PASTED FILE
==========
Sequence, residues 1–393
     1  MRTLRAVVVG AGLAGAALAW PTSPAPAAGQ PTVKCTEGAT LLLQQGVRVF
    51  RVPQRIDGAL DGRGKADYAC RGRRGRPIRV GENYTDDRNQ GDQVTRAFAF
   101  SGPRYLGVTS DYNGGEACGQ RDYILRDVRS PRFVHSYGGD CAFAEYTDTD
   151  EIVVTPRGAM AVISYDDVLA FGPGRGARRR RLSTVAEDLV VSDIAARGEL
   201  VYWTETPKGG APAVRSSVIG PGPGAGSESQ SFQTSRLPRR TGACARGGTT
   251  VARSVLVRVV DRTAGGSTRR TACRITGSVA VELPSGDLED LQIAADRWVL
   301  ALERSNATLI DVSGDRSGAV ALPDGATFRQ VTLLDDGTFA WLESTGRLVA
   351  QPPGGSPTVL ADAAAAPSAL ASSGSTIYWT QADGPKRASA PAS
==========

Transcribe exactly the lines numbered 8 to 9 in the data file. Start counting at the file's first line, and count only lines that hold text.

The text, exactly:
   301  ALERSNATLI DVSGDRSGAV ALPDGATFRQ VTLLDDGTFA WLESTGRLVA
   351  QPPGGSPTVL ADAAAAPSAL ASSGSTIYWT QADGPKRASA PAS